Synthetic drug potentially too powerful for overdose reversal

man in hazmat hazmat pink u-47

GREENVILLE, S.C. (WSPA) – A powerful drug has made its way to the Upstate, and a popular remedy could not be as effective in treating potential overdoses.

The synthetic drug U-47700 or “pink” became more widely known in the Upstate after two people were arrested and indicted on federal charges for selling it out of a Greenville apartment complex.

FAVOR, an addiction treatment center, says it’s an escalating issue in the Upstate.  They held a meeting Thursday evening to make an action plan on how to prepare for it entering the community.

Currently, police and EMS use NARCAN as a way to reverse the effects of an overdose.

Greenville police say people usually respond in minutes after taking it. However, depending on the overdose, police may have to administer a second dosage.

According to FAVOR, 79 people overdosed in Greenville last year, but NARCAN helped reverse 721 overdoses.

The problem is with “pink” and other synthetic drugs, it’s not working as easily.

“NARCAN works a certain way where it was designed to kind of knock the opioid molecule off the receptor, and since this really isn’t truly an opioid molecule, it’s having difficulty kind of knocking it off the receptor, so much as if they’d have to have another version of NARCAN to kind of knock it off,” said FAVOR CEO, Rich Jones.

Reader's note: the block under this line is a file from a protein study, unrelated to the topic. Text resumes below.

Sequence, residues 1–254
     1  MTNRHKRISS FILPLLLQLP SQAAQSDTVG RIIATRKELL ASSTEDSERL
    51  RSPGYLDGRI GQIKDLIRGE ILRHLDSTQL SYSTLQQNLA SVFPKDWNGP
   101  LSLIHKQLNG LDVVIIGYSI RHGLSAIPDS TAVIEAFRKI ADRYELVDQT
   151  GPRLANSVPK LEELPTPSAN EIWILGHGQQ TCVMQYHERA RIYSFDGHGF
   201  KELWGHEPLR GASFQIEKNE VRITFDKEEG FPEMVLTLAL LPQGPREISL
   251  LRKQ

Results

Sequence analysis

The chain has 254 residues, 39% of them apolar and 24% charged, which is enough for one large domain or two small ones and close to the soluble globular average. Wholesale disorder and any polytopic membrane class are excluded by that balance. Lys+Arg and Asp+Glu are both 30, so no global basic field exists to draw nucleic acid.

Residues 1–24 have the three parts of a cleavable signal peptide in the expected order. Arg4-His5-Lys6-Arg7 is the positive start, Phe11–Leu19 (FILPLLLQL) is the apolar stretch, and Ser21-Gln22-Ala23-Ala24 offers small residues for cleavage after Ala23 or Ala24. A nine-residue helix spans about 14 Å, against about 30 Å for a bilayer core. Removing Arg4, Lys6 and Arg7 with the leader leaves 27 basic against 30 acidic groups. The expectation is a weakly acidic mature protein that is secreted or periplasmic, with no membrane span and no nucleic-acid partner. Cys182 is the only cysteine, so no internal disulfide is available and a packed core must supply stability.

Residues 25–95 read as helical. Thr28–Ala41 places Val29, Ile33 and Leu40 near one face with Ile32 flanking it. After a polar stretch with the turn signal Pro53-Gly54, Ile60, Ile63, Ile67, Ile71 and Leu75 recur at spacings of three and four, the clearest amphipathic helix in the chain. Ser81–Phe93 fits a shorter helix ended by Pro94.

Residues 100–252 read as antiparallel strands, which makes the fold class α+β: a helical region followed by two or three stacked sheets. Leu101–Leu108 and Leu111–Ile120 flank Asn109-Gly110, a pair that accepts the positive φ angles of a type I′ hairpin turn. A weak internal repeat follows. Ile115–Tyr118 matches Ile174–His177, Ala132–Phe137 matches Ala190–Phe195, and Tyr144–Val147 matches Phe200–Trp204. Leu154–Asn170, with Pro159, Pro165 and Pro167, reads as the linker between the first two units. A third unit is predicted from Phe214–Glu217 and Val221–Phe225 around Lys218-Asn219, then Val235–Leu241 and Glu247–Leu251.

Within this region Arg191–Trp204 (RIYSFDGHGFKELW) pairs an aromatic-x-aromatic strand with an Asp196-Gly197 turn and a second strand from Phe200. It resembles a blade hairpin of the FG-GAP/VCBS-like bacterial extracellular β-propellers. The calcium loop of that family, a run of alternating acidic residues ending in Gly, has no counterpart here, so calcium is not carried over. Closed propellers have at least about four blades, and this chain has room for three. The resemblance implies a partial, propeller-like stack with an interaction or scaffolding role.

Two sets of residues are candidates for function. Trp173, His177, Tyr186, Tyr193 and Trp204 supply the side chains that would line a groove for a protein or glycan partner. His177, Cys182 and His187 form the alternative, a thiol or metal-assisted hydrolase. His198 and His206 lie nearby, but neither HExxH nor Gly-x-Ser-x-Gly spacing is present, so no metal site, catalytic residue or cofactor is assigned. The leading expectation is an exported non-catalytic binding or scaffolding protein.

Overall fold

Even just a little of the drug is extremely powerful, and it takes a lot of NARCAN to reverse the effects. Law enforcement officers have to wear Hazmat suits around the drug.

Jones says the introduction of this drug in the community is scary.

“We’re losing people,” Jones said. “People we know, people that we’ve known along the way, good kids, older people who’ve fell prey to this, so it’s very personal to us.”

He believes more of the drug and more drug dealers are coming to Greenville, so he wants his team to make a plan, now.

“This is going to have to be guerilla warfare against addiction,” Jones said. “We need to be in the community. We need to be with the people.”

One of the ways FAVOR is doing that is by partnering with Greenville Memorial Hospital. If someone has an overdose, their team members will be there at the hospital to help. They hope to have that program up and running by the end of summer.

“You can’t wait for people to hit bottom, not with this stuff, there’s not wiggle room,” Jones said.

Last month, Georgia Governor Nathan Deal signed a law that banned both “pink” and fentanyl in the state.

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